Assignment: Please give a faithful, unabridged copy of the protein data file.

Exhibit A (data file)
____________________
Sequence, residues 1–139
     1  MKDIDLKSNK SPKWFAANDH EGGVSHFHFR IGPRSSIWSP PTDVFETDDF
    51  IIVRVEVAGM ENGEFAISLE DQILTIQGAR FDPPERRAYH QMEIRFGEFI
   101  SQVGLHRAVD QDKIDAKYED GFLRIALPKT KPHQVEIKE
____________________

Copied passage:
Sequence, residues 1–139
     1  MKDIDLKSNK SPKWFAANDH EGGVSHFHFR IGPRSSIWSP PTDVFETDDF
    51  IIVRVEVAGM ENGEFAISLE DQILTIQGAR FDPPERRAYH QMEIRFGEFI
   101  SQVGLHRAVD QDKIDAKYED GFLRIALPKT KPHQVEIKE